Google Chrome AES-256 Password Encryption Proves No Match For Crafty Malware Devs

Google Chrome
Google began rolling out version 80 of its Chrome browser to the public at large in early February, with the most publicized feature being a new cookie classification system designed to give users more control over cookie controls. While cookie handling dominated the headlines, Chrome 80 also added stronger encryption, though perhaps not strong enough.

Starting with Chrome 80, the browser encrypts local passwords and cookies in Windows using AES-256 encryption. Prior to Chrome 80, the browser leveraged the data protection API (DPAPI) built into the OS to handle encryption chores. And it still does, but AES-256 acts as another layer of protection for added security.

This was thought to thwart AZORult, which first appeared in 2016 and was one of the top 10 active malware strains in 2019. Its author actually abandoned the malware in 2018, but others have picked it up and kept it active. Unfortunately, one of the newer builds that has manifested claims to support Chrome 80, meaning it is capable of breaking Google's tightened controls.

AZORult is not the only bit of malware to defeat Chrome 80's enhanced encryption scheme. The folks at BleepingComputer gave a rundown of several malware types and campaigns that have done the same thing. According to the site, malware makers have been scrambling to update their tools to continue stealing data from Chrome users, even if they are running the latest build.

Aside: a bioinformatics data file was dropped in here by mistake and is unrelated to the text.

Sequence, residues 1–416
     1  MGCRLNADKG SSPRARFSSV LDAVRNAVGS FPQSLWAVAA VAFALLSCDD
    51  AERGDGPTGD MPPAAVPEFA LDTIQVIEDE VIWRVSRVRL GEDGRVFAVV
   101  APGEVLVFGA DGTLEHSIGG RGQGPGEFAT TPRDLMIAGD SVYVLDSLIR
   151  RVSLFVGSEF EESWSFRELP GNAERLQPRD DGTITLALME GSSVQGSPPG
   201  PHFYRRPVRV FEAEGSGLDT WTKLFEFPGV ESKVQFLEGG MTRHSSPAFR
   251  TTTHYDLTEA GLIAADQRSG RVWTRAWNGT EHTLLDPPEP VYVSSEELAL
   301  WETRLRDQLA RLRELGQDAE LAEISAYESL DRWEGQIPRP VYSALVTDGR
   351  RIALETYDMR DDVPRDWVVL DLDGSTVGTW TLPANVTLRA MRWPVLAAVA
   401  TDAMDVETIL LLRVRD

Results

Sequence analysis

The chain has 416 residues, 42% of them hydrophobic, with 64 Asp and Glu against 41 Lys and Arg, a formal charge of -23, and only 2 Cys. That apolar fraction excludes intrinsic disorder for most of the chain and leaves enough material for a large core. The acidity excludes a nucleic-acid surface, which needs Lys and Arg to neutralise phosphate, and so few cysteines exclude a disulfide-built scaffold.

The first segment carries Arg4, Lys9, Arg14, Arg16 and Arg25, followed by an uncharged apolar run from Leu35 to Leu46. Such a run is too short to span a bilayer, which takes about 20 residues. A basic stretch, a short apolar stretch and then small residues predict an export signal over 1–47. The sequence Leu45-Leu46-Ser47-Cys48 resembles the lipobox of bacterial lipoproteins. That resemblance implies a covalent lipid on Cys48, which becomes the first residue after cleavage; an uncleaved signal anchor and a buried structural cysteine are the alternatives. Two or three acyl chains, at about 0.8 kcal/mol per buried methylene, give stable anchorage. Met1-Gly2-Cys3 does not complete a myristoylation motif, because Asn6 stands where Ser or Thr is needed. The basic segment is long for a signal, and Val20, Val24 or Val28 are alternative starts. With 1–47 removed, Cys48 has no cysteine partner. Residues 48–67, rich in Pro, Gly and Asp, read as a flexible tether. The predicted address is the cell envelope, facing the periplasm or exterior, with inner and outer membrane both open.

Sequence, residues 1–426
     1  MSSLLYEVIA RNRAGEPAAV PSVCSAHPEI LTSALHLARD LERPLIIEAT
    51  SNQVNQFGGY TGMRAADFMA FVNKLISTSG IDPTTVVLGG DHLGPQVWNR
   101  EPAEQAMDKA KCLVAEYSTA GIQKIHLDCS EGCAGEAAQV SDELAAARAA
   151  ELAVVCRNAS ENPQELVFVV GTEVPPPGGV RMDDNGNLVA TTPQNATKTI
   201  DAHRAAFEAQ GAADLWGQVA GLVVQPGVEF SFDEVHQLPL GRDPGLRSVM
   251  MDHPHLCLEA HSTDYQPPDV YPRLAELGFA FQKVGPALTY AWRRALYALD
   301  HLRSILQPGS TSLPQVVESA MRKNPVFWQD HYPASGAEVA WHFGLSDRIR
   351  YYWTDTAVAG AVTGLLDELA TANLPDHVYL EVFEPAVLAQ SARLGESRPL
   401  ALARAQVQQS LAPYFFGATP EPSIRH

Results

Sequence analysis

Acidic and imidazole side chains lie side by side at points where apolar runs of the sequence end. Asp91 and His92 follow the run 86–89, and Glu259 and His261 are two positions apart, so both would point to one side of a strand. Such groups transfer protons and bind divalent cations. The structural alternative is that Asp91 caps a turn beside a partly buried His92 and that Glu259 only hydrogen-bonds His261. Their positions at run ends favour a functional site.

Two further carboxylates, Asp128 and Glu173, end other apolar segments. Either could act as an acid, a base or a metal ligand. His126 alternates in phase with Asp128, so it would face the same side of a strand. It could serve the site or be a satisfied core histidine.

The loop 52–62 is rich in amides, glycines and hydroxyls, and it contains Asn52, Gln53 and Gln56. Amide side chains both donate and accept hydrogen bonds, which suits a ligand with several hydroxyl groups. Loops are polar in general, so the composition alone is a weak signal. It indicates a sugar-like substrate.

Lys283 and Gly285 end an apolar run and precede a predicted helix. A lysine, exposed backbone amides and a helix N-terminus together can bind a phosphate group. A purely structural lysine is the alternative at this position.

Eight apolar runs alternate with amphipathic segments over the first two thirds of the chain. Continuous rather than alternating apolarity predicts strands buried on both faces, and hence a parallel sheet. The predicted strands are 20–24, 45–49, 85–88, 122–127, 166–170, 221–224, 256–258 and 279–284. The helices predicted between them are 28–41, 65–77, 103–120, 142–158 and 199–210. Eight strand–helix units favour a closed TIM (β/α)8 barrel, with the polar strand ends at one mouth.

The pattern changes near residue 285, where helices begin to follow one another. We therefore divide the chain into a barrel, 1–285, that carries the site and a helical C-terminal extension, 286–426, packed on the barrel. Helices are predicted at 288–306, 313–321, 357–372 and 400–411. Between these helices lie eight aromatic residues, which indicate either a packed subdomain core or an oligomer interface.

"While Chrome adding AES encryption for cookies and passwords created ripples in the malware world, the disturbance was short-lasting for most malicious tools," the site noted.

It took just days for updated malware tools to appear with claimed support for Chrome 80. One of them is called Raccoon, and the newest release is apparently capable of nabbing data from nearly 60 apps, including all popular web browsers, Chrome 80 included.

Perhaps malware authors are seeing the added security as a challenge, because it's not just old tools getting makeovers. Brand new info-stealing software has emerged, with their authors claiming out-of-the-box support for Chrome 80.

What can you do? Well, common sense computing habits are still your best bet. Things like never clicking on unsolicited links or downloading unexpected attachments in emails, typing URLs directly into your browser, and being vigilant against phishing schemes.

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